American photographer Berenice Abbott made memorable images of lesbians, bisexuals, and gay men in Paris in the 1920s and in New York from the 1930s through 1965.
Gay and lesbian artists of the African Diaspora have recently begun to explore issues specific to gender and sexuality; often relying on self-portraiture, they address homophobia and racism as well as desire and longing.
Prior to Stonewall, most gay artists were closeted, but they were inventive in creating codes for those in the know; after 1945 some adventurous artists developed independent networks for the distribution of works of gay art.
In nineteenth-century America men who loved other men often suffered from guilt, but artists such as Winslow Homer and Thomas Eakins celebrated male camaraderie and affection, while expatriate John Singer Sargent depicted the dandy, and photographs documented male friendships.
After Stonewall, American gay male art underwent a radical transformation as artists came out and began to treat gay themes openly and directly.
American lesbian art in the earlier twentieth century was indelibly shaped by the expatriate experience and by the emergence of a more democratic art form, photography, as well as by the intense pressure following World War II to retreat into the closet.
Since Stonewall, lesbian artists in America, from installation artists to filmmakers and photographers to performance artists and painters, have become increasingly diverse and visible.
Outed as a transsexual in 1961, the indomitable April Ashley rose from poverty to become a glamorous entertainer and top model who married into the British aristocracy and later became a transgender activist.
One of the first American women to become a photographer, Alice Austen defied conventions and challenged stereotypes in nearly every aspect of her life.
Photographer Crawford Barton captured the blossoming of an openly gay culture in San Francisco in the 1960s and 1970s.
The celebrated British photographer Cecil Beaton described himself as a "terrible, terrible homosexualist," but may be best known for his relationship with Greta Garbo.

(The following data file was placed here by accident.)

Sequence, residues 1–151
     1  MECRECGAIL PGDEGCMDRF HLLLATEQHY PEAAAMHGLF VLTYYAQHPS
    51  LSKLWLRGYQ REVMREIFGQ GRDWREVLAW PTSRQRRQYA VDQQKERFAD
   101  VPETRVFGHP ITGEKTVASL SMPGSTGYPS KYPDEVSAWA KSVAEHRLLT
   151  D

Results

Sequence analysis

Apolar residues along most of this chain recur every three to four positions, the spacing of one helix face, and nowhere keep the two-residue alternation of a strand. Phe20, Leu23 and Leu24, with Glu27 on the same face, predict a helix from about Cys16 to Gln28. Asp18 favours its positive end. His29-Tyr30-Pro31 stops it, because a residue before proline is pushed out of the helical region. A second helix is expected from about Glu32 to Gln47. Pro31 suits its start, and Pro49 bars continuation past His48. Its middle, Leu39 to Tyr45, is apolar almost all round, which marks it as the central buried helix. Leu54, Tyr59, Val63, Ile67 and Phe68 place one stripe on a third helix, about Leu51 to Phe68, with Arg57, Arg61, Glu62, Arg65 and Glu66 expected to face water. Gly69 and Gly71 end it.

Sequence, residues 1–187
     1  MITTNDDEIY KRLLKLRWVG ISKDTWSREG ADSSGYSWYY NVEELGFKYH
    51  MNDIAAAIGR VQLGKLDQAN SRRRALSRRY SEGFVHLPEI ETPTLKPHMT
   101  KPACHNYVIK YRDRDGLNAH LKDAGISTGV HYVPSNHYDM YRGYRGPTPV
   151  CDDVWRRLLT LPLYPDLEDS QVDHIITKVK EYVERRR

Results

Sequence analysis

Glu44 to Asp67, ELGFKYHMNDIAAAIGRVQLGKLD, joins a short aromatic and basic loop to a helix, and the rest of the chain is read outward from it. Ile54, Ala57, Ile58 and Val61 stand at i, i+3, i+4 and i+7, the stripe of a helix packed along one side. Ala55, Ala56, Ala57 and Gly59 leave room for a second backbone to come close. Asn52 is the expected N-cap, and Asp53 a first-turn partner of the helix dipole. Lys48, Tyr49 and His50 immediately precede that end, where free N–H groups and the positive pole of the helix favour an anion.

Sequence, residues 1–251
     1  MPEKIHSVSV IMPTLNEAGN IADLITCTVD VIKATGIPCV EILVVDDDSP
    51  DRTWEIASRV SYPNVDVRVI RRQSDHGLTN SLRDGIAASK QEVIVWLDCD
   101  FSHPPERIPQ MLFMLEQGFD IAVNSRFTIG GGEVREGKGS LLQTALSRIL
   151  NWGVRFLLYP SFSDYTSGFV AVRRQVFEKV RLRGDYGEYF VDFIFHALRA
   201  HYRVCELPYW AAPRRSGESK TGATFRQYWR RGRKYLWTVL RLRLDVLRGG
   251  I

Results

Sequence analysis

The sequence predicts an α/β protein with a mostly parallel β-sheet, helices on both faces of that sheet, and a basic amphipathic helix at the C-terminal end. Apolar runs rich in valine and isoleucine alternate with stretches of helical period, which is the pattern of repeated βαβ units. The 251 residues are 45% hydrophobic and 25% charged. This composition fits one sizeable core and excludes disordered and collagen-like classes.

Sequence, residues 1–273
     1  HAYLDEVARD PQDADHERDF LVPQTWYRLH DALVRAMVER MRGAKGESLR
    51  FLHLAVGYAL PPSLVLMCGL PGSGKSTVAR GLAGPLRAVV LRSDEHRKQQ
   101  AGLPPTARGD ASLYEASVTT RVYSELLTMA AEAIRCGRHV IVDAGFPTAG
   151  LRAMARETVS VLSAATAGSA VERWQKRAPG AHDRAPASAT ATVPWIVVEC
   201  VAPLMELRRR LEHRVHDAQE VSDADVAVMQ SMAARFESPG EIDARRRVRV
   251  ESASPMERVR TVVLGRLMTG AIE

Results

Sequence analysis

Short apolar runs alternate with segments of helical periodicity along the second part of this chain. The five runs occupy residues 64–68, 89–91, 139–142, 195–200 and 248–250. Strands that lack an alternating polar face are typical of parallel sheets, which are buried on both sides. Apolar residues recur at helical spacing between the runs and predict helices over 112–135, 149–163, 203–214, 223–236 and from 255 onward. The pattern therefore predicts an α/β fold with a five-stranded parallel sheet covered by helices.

Ruth Bernhard is one of the preeminent twentieth-century photographers of the nude female.
During the 1970s and 1980s, the photographs of Joan Elizabeth Biren, better known as JEB, defined and set the standard for lesbian feminist image making in the United States.
British performance artist and photographer Tessa Boffin was the first British lesbian artist to produce work in response to the AIDS epidemic.
Jean-Daniel Cadinot, French pornographer extraordinaire, has attracted an international following for his audacious films, which manage to be both unusually artistic and enormously arousing.
Photographer, photo collagist, writer, and translator Claude Cahun is known today primarily for creating images, including self-portraits, that play with concepts of gender.
Since the rise of the homosexual emancipation movement three decades ago, a handful of Canadian artists have confronted issues of gay and lesbian sexuality in their work.
The shy superstar of lesbian erotica, American artist Tee Corinne is especially known for her frank and sensuous depictions of lesbian sex.
American intellectual publisher, aesthete, and photographer, F. Holland Day created homoerotic photographs notable for their relation to fin de siècle cultural interests.
New Orleans artist George Dureau is best known for his male figure studies and narrative paintings in oil and charcoal and for his black-and-white photographs, which often feature street youths, dwarfs, and amputees.
Although his personal sexual orientation is uncertain, American painter, photographer, and teacher Thomas Eakins is solidly aligned in the history of art with a homophile sensibility, as expressed particularly in his celebration of the male form.
Best known for three collections of photographs featuring, respectively, fat nude women, nude men, and women in Japan, Laurie Toby Edison turned to photography as a medium that could combine art and social activism.
Considering the unique set of problems facing lesbians who want to produce erotic art for the enjoyment of other lesbians, it is remarkable that so much lesbian erotica has been produced in so brief a time.
A large number of significant twentieth-century European artists focused on gay, lesbian, bisexual, and transgender themes, making such concerns crucial to the understanding of twentieth-century European art.
One of the most important black photographers of the late twentieth century, Rotimi Fani-Kayode explores important themes of racial and sexual identity.